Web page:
Planning delays for the Winona bridge project have led state officials to try a never-before-used method for contracting that skips competitive bidding.
In a best-case scenario, the bridge may be finished by 2020, Mn/DOT officials announced. Project leaders hope that construction can begin between July 2014 and March 2015 and the new bridge will be ready for traffic by fall 2016. “July is very aggressive,” Ward said. “If everything goes perfectly, that’s the earliest we could start.”
The starting date could be much later. While funding, property acquisition, and design issues could cause delays, Mn/DOT officials noted that even if everything else is ready, the elements may delay the project. Dealing with high river levels has been a struggle for the Dresbach bridge project, officials noted. “If we’re not able to start until March and there’s high water, we’re at the mercy of Mother Nature,” explained Ward. “If we can’t start in July of next year, that pushes that schedule out,” he added.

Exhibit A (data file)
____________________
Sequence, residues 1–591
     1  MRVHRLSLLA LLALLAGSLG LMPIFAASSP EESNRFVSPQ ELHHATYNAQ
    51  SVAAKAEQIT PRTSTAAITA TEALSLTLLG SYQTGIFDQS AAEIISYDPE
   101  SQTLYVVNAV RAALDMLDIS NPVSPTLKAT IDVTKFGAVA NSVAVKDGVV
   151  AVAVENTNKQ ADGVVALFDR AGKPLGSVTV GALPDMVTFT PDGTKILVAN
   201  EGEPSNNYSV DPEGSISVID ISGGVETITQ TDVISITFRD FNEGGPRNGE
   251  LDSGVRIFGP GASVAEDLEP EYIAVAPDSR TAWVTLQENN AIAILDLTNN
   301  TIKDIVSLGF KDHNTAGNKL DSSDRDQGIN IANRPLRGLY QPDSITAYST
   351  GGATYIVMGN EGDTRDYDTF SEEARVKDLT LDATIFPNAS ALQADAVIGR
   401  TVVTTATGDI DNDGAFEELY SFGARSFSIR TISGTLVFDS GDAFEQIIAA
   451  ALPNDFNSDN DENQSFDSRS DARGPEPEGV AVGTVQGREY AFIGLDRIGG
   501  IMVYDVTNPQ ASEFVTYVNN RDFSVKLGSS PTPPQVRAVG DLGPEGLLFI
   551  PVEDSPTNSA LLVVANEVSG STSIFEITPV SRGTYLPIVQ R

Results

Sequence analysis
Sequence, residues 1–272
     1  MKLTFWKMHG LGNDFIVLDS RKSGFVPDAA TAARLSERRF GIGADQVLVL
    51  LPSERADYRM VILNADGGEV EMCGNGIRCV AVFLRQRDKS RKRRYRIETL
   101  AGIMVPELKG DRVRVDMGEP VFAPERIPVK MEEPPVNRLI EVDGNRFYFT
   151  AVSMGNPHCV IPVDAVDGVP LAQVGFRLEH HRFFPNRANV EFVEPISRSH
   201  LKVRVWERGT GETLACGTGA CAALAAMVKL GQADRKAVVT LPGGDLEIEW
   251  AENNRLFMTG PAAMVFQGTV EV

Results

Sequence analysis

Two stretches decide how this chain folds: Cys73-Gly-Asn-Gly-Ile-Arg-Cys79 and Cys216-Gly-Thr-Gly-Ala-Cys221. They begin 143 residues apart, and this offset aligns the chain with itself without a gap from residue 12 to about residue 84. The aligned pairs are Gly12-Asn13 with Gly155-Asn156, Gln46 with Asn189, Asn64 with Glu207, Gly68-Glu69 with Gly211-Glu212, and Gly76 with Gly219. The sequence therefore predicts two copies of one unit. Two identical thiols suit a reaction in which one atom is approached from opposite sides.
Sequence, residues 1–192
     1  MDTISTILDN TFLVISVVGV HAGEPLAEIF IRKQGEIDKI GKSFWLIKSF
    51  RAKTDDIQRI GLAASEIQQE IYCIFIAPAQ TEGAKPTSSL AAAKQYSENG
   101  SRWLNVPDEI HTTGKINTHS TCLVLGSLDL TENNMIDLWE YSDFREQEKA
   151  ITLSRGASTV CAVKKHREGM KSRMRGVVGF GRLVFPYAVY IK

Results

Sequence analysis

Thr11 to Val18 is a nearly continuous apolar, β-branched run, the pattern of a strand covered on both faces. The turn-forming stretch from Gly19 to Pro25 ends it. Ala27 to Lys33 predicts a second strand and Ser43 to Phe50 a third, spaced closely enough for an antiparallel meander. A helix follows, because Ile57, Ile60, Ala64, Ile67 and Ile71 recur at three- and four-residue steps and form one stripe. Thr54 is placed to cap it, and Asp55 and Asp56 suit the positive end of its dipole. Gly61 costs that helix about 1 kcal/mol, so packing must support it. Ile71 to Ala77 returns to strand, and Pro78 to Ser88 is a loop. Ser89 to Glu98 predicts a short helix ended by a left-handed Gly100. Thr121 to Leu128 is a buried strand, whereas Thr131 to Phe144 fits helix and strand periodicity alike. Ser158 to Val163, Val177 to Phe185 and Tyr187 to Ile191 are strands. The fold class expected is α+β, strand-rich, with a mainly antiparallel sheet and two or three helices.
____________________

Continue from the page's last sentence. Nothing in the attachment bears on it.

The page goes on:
After last Thursday’s announcement, Winona area residents can expect to wait at least five years after construction begins before four lanes span the channel and crews clear both bridges for use.
To move along the design and construction phases, Mn/DOT will use a contracting process known as construction manager general contractor (CMGC). It will be Mn/DOT’s first ever CMGC project. In the CMGC project process, Mn/DOT will select a contractor to work with the agency during the design process; that contractor then gives a price for and completes the project. Typically, governments and state agencies bid out contracting work to keep prices down. Under the CMGC process the contract is not bid competitively. The lone contractor prices the work. The main advantage of that method, Ward said, is that by having a contractor who already knows the project in detail and by skipping the public bidding process, a project can go from design to construction more quickly. “It allows us to phase or package the project in a more streamlined manner,” Ward explained.
According to Ward, local input is driving the decision to pursue that expedited, less-competitive option. “A good share of the feedback [from the community] had been, ‘Get going on the project,’” Ward said.
The Winona City Council is expected to have a public hearing on the design plans in August, then vote to approve or disapprove the plans to move ahead with construction. By law, Mn/DOT must obtain a council vote of confidence, as well as other state and federal agency approval.